FIRST FONDLE The Surface tablet's Touch Cover is eerily reminiscent of typing on a ZX81, The Register can report after fondling one of the elusive (to non Microsoft-adoring press) computers at the Australian launch of Windows 8.
To do so, we elbowed aside other media and scored a few minutes on a Surface running Windows RT. We were able to use both the Touch Cover and Type Cover and can report that both are decent input devices.
The Touch Cover, however, offers absolutely no tactile feedback, a sensation - or lack thereof - your correspondent cannot recall experiencing on a keyboard since last millennium when wrangling Sinclair's classic micro. Touch typing therefore produced results rather less accurate than your correspondent would produce on another unfamiliar keyboard, but was still easier than working a ZX81.
Typing on the Touch Cover is a little odd compared to the experience of using an on-screen tablet keyboard, as when typing on a 'classic' fondleslab one's eyes don't have to travel far between the (virtual) keyboard and the data one enters. There's more ocular action required to ensure accuracy on a Surface when using the Touch Cover, but we expect that as with any keyboard that effort will decrease over time.
The Type Cover is rather better. To offer an apples vs. apples comparison we can report it's more responsive than the experience of typing on the ZX Spectrum's infamous dead flesh keyboard and maybe a little more immediately welcoming than a first experience using recent Apple keyboards. The keys have decent travel, click just a little, and made it possible to touch-type with the accuracy your correspondent generally achieves on the first try of a new keyboard.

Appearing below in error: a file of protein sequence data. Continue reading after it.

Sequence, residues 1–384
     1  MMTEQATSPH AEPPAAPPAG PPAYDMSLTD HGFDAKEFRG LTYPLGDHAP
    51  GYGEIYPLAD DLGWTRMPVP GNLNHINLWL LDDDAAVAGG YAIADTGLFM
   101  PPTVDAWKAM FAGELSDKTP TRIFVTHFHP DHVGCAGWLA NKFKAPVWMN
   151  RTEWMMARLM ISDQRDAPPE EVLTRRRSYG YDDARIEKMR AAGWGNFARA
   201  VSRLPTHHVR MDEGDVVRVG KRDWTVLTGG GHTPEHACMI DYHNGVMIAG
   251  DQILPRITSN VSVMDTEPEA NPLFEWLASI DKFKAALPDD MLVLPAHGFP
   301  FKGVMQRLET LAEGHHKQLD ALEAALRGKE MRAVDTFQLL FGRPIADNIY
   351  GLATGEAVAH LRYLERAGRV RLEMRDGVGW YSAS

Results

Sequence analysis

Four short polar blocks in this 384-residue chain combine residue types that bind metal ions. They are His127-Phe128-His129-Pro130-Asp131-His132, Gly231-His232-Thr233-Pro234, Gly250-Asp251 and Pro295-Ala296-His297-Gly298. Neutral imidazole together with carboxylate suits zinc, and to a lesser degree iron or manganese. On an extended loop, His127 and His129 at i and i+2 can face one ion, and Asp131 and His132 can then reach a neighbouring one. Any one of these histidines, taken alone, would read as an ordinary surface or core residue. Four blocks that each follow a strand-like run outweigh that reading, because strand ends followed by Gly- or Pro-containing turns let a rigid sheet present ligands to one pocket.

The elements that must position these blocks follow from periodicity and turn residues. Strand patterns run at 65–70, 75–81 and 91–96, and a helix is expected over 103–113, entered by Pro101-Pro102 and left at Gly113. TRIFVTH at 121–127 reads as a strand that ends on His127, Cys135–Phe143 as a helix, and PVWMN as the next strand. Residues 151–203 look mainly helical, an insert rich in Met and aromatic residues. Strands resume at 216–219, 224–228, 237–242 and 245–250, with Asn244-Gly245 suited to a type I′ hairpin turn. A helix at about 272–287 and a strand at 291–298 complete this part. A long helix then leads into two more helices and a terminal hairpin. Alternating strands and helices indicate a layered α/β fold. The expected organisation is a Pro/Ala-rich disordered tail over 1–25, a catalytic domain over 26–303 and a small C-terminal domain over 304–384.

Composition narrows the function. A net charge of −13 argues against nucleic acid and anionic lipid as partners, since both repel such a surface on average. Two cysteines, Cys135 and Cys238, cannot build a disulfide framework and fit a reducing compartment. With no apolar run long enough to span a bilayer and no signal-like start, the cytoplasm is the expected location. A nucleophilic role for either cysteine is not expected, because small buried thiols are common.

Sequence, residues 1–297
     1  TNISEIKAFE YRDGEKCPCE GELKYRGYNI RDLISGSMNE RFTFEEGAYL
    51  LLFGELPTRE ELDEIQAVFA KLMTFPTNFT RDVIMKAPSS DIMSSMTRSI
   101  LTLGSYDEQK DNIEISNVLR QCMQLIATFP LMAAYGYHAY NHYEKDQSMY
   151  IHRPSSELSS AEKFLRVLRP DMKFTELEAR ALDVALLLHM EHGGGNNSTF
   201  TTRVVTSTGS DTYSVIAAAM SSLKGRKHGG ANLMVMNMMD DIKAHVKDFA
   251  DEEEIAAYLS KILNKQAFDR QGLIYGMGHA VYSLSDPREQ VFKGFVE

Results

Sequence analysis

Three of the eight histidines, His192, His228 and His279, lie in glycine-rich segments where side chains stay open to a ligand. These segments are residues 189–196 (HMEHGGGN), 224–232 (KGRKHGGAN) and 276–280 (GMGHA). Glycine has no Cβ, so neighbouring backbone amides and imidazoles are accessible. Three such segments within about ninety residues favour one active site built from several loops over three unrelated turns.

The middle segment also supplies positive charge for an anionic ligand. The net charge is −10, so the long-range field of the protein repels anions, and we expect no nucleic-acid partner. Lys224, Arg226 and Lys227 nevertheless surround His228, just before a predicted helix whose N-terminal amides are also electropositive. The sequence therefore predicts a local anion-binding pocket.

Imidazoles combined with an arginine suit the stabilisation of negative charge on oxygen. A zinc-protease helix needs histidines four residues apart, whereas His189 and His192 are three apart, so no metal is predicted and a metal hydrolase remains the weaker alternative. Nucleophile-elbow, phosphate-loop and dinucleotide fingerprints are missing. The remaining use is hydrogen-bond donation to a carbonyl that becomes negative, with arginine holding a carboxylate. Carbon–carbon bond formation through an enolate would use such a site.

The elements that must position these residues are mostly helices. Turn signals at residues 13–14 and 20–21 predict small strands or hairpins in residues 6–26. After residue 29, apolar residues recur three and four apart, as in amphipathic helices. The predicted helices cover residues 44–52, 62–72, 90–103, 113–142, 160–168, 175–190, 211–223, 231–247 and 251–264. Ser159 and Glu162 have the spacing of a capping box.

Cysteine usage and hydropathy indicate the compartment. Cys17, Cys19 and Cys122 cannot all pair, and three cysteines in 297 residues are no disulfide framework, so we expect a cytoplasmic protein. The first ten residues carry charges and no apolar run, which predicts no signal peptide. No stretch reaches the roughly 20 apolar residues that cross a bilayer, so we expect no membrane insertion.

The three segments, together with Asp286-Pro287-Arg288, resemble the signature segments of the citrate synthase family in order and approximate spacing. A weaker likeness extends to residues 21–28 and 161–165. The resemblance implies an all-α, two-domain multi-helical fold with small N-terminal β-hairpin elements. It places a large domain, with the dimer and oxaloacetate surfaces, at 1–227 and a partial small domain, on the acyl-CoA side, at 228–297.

Overall the Surface is a slick machine. The keyboards snap in with a satisfying click. The touch screen is swift and responsive. The overall package was clearly superior to other small Windows 8 laptops on show at the launch. An ASUS model, for example, could only detach the screen from the keyboard if one found a special sliding switch and then negotiated a fiddly pair of latches. Connecting a keyboard to the Surface is as easy as using a magnet to fasten something to your fridge.
Where the Surface - and all Windows 8 devices - challenge the user is their insistence on learning a new interactive vocabulary to get them doing clever and/or useful things. For example, the trick to accessing important navigational elements of The Interface Formerly Known as Metro (TIFKAM) is to start a swipe off the screen, a technique pioneered on the BlackBerry Playbook.
That ill-omened machine infamously failed to make much of an impression on the market. The Surface is a slicker creature and we can imagine users will find plenty of reasons to climb its learning curve.
Just how steep that curve will be and whether many will reach the summit remains to be seen. Your correspondent can recall taking a week or so to feel sufficiently familiar with Palm's 'Graffiti' text input system when the Palm III emerged in the late 1990s. That effort required the user to memorise around 30 pen strokes, but after that week left me feeling well and truly in command.
It's not clear how many new gestures, mouse clicks or menu options one will need before feeling all of Windows 8's best bits are mere putty in your hands. But if our brief time using a Surface proved anything, it's that figuring it out will be quite fun. ®